The energy theoretically available from recoverable residues is about 54 EJ in developing countries and 42 EJ in industrialized regions (see table 19; Hall et al, 1992b). The amount of potentially recoverable residues in table 18 includes the three main sources: forestry, crops and dung. The calculations assume only 25 per cent of the potentially harvestable residues are likely to be used. Developing countries could theoretically derive 15 per cent of present energy consumption from this source and industrialized countries could derive 4 per cent. This is feasible given incentives and efficient conversion, but must encompass environmental sustainability. The table also shows the percentage of land needed, in addition to harvestable residues, to provide all of a region's energy from biomass. It shows that many regions could theoretically achieve energy self-sufficiency by using a relatively small percentage of their total land area, e.g., 2 per cent for Oceania, 3 per cent for South America and 4 per cent for Africa (Hall et al, 1992).
Sugarcane residues (bagasse, and tops plus leaves) - are particularly important and offer an enormous potential for generation of electricity (Ogden et al, 1990; Williams and Larson, 1990). Generally, residues are still used very inefficiently for electricity production, in many cases deliberately to prevent their accumulation, but also because of lack of technical and financial capabilities in developing countries. In many sugarcane-producing countries where cane has been grown for a century or more with increasing yields and good soil maintenance (or even improvement), there are unfortunate commercial pressures to shift away from cane to crops such as cotton which are extremely soil-erosion prone and not nearly as well suited to tropical weather conditions. It is thus important to improve the economic viability of the more environmentally- acceptable cane.
Table 19. Potential energy production from harvestable residues
* Developed Asia = Japan and Israel; Developing Asia = The rest of Asia
Source: Hall et al, 1992a
Depending on the choice of the gas turbine technology and the extent to which barbojo cane tops and leaves can be used for off-season generation, Williams (1989) points out that the amount of electricity that can be produced from cane residues could be up to 44 times the on-site needs of the sugar factory or alcohol distillery. He calculates that for each litre of alcohol produced a BIG/STIG unit would be able to produce more than 11 kWh of electricity in excess of the distillery's needs (about 820 kWh/t). Another estimate of bagasse in condensing-extraction steam turbines (CEST) puts the surplus electricity energy values at 20-65 kWh per ton of cane, and this surplus could be doubled by using barbojo for generation during the off-season. The cost of the generated electricity is estimated to be about $US0.05/kWh (Centro de Tecnologia Copersuca, 1991). Revenues from the sale of electricity co-produced with sugar could be comparable with sugar revenues, or alternatively, revenues from the sale of electricity co-produced with ethanol could be much greater than the alcohol revenues. In the latter instance, electricity would become the primary product of sugarcane, and alcohol the by-product (Williams, 1989).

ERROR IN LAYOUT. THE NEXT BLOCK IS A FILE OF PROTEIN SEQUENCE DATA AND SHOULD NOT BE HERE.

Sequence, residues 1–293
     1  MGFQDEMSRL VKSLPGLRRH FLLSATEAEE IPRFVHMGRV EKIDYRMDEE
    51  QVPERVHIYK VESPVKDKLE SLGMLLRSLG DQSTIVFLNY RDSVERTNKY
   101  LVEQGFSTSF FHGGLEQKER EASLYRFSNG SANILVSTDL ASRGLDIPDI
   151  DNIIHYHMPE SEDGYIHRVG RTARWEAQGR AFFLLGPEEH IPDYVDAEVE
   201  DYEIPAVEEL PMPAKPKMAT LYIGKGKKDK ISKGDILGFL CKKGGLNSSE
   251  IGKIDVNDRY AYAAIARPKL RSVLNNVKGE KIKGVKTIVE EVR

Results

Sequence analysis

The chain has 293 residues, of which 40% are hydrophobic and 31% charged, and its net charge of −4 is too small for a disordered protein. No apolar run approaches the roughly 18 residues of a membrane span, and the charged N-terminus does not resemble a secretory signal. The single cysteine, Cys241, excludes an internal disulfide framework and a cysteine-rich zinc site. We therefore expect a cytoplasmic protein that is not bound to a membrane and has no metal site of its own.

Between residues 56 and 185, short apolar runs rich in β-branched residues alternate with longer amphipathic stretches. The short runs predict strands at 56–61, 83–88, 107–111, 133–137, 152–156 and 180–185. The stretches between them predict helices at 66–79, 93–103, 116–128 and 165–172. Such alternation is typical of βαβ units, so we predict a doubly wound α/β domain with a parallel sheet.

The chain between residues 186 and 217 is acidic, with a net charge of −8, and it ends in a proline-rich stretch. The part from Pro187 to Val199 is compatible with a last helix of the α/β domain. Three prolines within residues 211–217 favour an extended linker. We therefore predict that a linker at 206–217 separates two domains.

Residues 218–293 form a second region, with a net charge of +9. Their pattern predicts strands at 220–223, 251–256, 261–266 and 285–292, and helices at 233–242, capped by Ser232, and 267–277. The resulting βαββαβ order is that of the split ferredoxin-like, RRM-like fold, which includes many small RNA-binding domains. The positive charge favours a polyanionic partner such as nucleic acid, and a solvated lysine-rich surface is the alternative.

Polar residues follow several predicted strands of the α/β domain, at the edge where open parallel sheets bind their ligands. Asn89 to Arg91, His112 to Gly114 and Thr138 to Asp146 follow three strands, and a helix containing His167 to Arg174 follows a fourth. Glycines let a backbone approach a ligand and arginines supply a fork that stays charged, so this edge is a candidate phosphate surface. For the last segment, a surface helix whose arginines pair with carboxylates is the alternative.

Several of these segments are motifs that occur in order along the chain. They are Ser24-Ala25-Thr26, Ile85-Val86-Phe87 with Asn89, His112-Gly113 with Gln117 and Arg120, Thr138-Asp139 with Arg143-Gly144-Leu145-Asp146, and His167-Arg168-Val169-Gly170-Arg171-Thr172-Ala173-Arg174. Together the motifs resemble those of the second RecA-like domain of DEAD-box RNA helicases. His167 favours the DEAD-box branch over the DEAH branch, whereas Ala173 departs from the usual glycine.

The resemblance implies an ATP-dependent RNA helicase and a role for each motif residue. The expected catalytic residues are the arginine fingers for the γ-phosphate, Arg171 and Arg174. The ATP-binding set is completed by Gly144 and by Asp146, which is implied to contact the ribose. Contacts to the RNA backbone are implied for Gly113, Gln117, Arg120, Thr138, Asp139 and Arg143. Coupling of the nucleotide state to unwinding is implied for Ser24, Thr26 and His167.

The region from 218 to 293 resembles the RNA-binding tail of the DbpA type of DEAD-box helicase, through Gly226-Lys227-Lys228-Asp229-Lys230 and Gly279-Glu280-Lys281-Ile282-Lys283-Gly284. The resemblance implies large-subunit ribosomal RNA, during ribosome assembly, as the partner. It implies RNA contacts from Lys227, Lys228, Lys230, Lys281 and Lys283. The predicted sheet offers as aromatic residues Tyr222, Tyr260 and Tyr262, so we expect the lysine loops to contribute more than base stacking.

In India alone, electricity production from sugarcane residues by the year 2030 could be up to 550 TWh/year (the total electricity production from all sources in 1987 was less than 220 TWh (Ogden et al, 1990). Globally, it has been estimated that about 50,000 MW could be supported by currently produced residues. The theoretical potential of residues in the 80 sugarcane-producing developing countries could be up to 2800 TWh/yr, which is about 70 per cent more than the total electricity production of these countries from all sources in 1987 (Williams and Larson, 1992). Studies of the sugarcane industry by Ogden et al, (1990), and of the pulp industry by Larson and Svenningsson (1991) indicate a combined power grid-export capability in excess of 500 TWh/yr. Assuming that a third of the global residue resources could economically and sustainably be recovered by new energy technology, 10 per cent of the current global electricity demand (10,000 TWh/yr) could be generated.
Obviously these are theoretical calculations which gloss over the many country- and site-specific problems to achieving such goals. They do however emphasize the potential which many countries have to provide a substantial proportion of their energy from biomass grown on a sustainable basis.